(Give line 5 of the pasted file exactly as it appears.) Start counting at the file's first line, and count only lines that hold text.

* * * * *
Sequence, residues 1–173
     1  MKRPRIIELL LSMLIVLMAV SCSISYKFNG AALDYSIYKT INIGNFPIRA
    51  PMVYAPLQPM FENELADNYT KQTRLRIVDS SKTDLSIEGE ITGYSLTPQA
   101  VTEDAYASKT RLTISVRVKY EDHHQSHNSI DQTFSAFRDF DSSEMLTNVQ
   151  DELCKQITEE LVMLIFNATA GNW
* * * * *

   151  DELCKQITEE LVMLIFNATA GNW